St. James Parish mourns Chief Scott

Published 12:00 am Wednesday, June 13, 2001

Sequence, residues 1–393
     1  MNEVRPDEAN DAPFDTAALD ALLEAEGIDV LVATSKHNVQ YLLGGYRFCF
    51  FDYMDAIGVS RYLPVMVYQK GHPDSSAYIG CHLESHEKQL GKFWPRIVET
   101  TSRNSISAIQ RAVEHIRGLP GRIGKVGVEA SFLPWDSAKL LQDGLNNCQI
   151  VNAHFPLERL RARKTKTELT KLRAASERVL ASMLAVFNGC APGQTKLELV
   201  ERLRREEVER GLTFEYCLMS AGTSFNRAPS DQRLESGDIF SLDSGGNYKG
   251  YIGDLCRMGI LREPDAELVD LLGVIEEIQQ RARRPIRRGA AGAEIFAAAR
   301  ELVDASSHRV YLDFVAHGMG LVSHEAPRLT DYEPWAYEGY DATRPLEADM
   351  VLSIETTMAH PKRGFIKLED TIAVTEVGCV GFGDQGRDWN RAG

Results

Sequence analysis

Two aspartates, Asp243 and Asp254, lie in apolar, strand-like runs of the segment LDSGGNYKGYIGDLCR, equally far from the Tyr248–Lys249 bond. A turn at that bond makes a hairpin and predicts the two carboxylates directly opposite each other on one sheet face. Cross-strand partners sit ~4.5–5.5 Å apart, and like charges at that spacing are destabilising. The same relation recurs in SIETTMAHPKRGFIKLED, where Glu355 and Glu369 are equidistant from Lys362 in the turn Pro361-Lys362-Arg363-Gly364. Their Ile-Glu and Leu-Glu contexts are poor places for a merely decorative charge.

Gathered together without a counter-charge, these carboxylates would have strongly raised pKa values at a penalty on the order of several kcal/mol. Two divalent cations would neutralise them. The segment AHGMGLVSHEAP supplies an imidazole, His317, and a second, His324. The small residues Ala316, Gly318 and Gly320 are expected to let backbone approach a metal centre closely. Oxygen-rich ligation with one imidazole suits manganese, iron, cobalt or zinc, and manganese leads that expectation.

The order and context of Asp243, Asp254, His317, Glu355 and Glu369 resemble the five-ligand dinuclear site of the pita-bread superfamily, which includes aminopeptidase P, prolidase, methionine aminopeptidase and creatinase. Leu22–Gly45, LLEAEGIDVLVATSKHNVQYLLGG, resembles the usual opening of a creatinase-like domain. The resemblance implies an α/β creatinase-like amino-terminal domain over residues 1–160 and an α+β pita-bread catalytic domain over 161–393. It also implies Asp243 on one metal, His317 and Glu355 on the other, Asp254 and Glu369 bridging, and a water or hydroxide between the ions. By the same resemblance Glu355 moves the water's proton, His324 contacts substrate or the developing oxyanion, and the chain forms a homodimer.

PHOTO: Sheriff Willy J. Martin Jr., left, and Chief Deputy Elijah Scott Sr. of the St. James Parish Sheriff’s Office were partners in the battle against St. James Parish crime. The two men are shown here in a recent photo. PAULINA – Since Elijah Scott Sr., chief deputy of the St. James Parish Sheriff’s Office, died May 26 at the age of 64 from complications of heart surgery, his life and career have been fondly remembered by his family, friends and co-workers. Many could recount the basic facts. Scott was born Dec. 29, 1936, in the community of Remy and his 28-year tenure with the sheriff’s office began in April 1973 when he was hired at the age of 36 as a road deputy under Sheriff Gordon Martin. He worked himself up through the ranks under the administrations of former sheriffs Martin, Joseph Nasser and most recently that of current Sheriff Willy Martin Jr. Martin appointed Scott to the rank of chief deputy on July 1, 1996. Scott acted as the second in command to the sheriff and was responsible for four divisions within the department: Corrections, Communication, Investigation and Patrol. On May 5, 1976, Scott married the former Catherine Ann Joseph and their quarter-century marriage produced two daughters and one son. From a previous marriage, Scott had two daughters and four sons. “He was a good Christian, a good husband and father,” his wife recalled. “He first worked for the New Orleans Public Service in the gas department. He changed jobs because he wanted to be closer to home.” His religious views took the form not so much of theories as of a way of treating people. “It did not matter who you were or where you came from – he looked at you as a person and as God’s child,” his wife said. “He gave a lot of encouragement to people. He was not a boastful person. He had a relationship with God and that is what made him the person he was – a Christian and a man who believed in God’s word.” In his later years, Scott had numerous health problems centered around his kidneys. “In 1993 he started home dialysis treatment,” his wife recounted. “Three times a day – morning, noon and evening. While going through this treatment he went to work too. He would do this treatment before going to work, he would come home at lunchtime and then after work.” Amazingly, she said, he never complained. A kidney transplant was inevitable. But during exploratory surgery doctors found an aneurysm and the kidney transplant had to be postponed. Doctors removed the aneurysm, but home dialysis was no longer possible, and he had to go on machine dialysis. “Then in 1997,” his wife said, “they found a kidney for my husband. And four days after the transplant, his body rejected it. He went to work even after the surgery. He drove himself to and from dialysis. He was a very independent man. This sheer strength of body and soul came from his Christian faith and family.” He was a ceaseless source of activity at the Evergreen Baptist Church. “He started the Sunday school there and was the junior Choir director,” his wife said. “He did the Bible prayer service and was a teacher for the vacation Bible school. He was the cook at the church picnics. He never stopped. He never had pity-parties – not Elijah. He was a role model for the community. Everybody respected Chief Scott.” Scott’s colleagues echoed his wife’s sentiments. “Elijah was such an asset to the organization because of his dedication and unselfishness,” Sheriff Martin said. “Chief Scott was an outstanding deputy sheriff and a good friend. Although hampered with health problems, he seldom complained. His illness never kept him from work or service to his community. He was dedicated and loyal to the department and always kept the deputies’ best interest at heart. He was a model for all deputies.” Capt. Sid Berthelot recalled: “I worked with him for 11 years. Considered him a good friend and mentor. He always gave good advice and had the ability to look at the situation from a human rather than from just the criminal justice side. He will be hard to replace.” “I worked with him for 20 years,” said Ann Duhe, of the Accounts Payable and Purchasing office. “He was a wonderful person. You could go into his office and cry your soul out and he would listen patiently. He had faith in God. He was honest, he told you the way it was. I’m going to miss him a lot.” Karen Tramonte, Scott’s secretary, recalled his kindness and tact. “He never used his power to hurt you,” she said. “He always wanted to help. You could talk about anything and he always had an answer. He was strong in his faith in God. He never turned anybody away, never refused a phone call, and always returned his calls. He cared about the people in his parish. Whoever takes his place will have some big shoes to fill.” Since his death, there has been an outpouring of sympathy and condolence for his family and friends by all who were touched by Chief Scott’s dignity and generosity. The Mayor of Lutcher, Troas Poche, sent to Sheriff Martin a resolution adopted by the Lutcher Board of Aldermen offering condolences to Scott’s family and to the staff of the St. James Parish Sheriff’s Office. Scott’s passing, the resolution stated, “will bring a void to the Town of Lutcher and to the many people he knew and served.” A similar resolution was unanimously passed Monday by the Gramercy Board of Aldermen, which expressed the town’s condolences and sympathy to the family and the sheriff’s office.